Laura Bliss is CityLab’s West Coast bureau chief. She also writes MapLab, a biweekly newsletter about maps (subscribe here). Her work has appeared in The New York Times, The Atlantic, Los Angeles magazine, and beyond.
Cities have been paving over streams since the 19th century, but scientists are only now learning of potential harms to water quality.
There was once a little stream called Sunfish Creek on Manhattan. Named for the animals that swam there, it ran down from where Times Square is today, coursing across 7th Avenue, feeding a pond at 32nd Street and 4th Avenue before spilling into the East River.
No trace of Sunfish Creek exists today. It was piped or paved over in the 19th century to make way for new development, or to contain flooding and disease. Now, it’s just one of hundreds of the city’s waterways that were erased or culverted at that time.
New York is not unusual in this regard. Explore any city enough, and at some point you’re likely to walk on water, so to speak. San Francisco is full of ghost rivers. So are Washington, D.C. and Los Angeles. In the urban core of Baltimore, up to 98 percent of streams are underground.
Early city planners may have hoped for healthier cities when they covered up these streams, but it turns out they created new problems. Paving over and piping waterways often worsens flooding. And as new research by scientists at the Environmental Protection Agency indicates, buried streams can also exacerbate pollution.
In a paper published in PLOS ONE, lead authors and EPA research scientists Jake Beaulieu and Heather Golden found that nitrates—nutrients that can become pollutants—travel on average 18 times further in buried urban streams than they do in open streams, before they are taken out of the water column.
Plants and other organic matter in streams feed on nitrates, which can be found both naturally and in agricultural or industrial run-off. Nitrate uptake, as this feeding process is called, keeps stream ecosystems healthy and oxygenated.
But if nitrates don’t get removed, too many end up flowing through the water and into larger water bodies (think: Baltimore and the Chesapeake Bay). This can result in algae blooms, which suffocate water bodies and can cause massive fish deaths. High nitrate levels in water can also be toxic to humans, especially infants.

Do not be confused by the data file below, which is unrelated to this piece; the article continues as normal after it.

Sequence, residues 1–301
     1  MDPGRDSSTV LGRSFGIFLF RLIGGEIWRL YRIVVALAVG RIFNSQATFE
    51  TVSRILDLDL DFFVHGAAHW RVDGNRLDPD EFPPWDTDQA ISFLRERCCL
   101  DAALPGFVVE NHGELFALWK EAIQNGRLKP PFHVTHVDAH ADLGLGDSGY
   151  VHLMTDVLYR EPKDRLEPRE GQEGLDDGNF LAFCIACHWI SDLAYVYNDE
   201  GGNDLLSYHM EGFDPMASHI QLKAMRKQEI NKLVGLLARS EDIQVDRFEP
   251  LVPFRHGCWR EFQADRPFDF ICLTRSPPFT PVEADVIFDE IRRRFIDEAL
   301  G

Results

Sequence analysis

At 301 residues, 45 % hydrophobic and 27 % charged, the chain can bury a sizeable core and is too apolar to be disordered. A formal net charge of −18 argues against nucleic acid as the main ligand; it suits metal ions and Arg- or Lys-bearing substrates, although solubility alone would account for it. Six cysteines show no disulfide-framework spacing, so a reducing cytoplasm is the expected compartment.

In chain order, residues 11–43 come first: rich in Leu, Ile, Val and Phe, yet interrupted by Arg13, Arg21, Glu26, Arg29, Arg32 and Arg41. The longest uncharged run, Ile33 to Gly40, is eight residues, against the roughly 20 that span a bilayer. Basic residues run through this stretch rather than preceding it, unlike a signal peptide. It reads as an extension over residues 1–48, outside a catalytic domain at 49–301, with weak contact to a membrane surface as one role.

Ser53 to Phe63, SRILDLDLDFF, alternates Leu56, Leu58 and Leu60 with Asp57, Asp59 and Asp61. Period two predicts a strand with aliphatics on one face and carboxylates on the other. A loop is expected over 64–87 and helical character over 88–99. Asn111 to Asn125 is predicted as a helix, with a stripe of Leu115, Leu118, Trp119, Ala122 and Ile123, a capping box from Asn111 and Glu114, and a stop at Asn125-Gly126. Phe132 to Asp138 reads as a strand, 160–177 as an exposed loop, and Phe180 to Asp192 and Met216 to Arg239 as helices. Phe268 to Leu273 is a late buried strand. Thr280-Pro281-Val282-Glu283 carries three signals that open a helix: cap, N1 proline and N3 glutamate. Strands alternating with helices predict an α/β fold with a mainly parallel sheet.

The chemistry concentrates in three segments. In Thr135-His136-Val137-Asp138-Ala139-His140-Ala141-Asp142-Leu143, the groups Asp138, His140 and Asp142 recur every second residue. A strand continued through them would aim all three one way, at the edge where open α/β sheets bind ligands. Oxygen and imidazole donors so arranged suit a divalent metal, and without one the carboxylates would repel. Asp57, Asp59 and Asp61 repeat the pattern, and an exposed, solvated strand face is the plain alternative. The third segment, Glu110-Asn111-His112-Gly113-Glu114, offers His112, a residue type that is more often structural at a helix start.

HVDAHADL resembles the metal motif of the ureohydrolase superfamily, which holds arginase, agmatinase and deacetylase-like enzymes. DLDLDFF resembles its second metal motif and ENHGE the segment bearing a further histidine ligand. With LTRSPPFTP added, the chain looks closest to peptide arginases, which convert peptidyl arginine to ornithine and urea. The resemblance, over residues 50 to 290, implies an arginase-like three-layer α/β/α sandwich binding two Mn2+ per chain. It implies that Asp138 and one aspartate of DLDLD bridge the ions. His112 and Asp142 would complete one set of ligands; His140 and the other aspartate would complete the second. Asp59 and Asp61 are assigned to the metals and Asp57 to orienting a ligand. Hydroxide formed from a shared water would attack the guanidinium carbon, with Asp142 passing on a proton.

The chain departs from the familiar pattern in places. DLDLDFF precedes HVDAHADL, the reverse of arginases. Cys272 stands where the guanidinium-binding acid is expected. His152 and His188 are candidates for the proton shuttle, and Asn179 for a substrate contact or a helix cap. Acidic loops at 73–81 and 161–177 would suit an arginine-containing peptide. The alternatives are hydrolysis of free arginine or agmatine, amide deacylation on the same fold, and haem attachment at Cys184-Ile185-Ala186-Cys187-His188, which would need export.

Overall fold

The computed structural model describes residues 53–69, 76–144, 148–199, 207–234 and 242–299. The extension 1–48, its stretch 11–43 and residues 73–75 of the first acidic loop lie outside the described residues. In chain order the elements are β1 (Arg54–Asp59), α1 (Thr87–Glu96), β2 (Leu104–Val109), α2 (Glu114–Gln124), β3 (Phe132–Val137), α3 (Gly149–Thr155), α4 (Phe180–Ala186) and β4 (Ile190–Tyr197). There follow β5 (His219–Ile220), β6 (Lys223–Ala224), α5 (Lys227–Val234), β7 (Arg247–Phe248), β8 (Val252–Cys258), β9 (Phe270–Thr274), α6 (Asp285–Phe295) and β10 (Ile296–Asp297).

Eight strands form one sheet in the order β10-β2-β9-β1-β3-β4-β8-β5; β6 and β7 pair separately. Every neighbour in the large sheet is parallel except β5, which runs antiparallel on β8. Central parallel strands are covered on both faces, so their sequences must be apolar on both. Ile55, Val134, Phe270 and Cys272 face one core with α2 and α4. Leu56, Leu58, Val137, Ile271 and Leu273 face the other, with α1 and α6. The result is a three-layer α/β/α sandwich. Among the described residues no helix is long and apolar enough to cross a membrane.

With buried streams, there aren’t any leaves or twigs falling into the water. There’s often no light, and little chance for what plants might end up in the pipes to survive. There is, in other words, very little organic matter available to eat up nitrates that enter the streams.
“Buried streams aren’t very biologically active,” says Golden. “Just walking through these systems, you can see that there’s not much going on there.”
Using results from previous research on a few streams in Baltimore and Cincinnati, Golden, Beaulieu, and a team of EPA scientists developed a simulation that looked at how buried streams affect the presence of nitrate throughout an entire urban watershed. In their simulation, which was a kind of hybrid model of the two cities’ stream networks, they found that buried streams in heavily urbanized areas had particularly unhealthy nitrate flows.
In Baltimore, for example, this would imply that the buried streams in the city core, right near the Chesapeake Bay, have much higher levels of nitrate than those further out in the suburbs. Golden suspects this is because water in suburban buried streams spends more time in pipes and interacts with other waterways before getting to the outlet (e.g., the Bay), allowing greater opportunity for (healthy) nitrate uptake to occur.
Not all urban watersheds necessarily follow this pattern, the scientists say, since not all city cores are built around bays or rivers. But many are, and as urbanization spreads over the coming decades, stream burial is likely increase, too—exacerbating the risks of nitrate pollution.
One solution may be “daylighting,” or unburying buried streams. Yonkers, Cincinnati, Seattle, and Kalamazoo have all undertaken daylighting projects in the recent past. In Baltimore, talks of daylighting the Jones Falls river, which drains directly into the city’s Inner Harbor, have been going on for years.
There are considerable economic benefits that accompany unmasked, revitalized rivers; think of developers drooling over Los Angeles’s forthcoming restoration of the L.A. River, a version of daylighting. But Golden and Beaulieu hope that quantifying the ecological effects of buried streams will motivate more daylighting projects—and, as cities expand, motivate planners to leave free-flowing rivers unburied to begin with.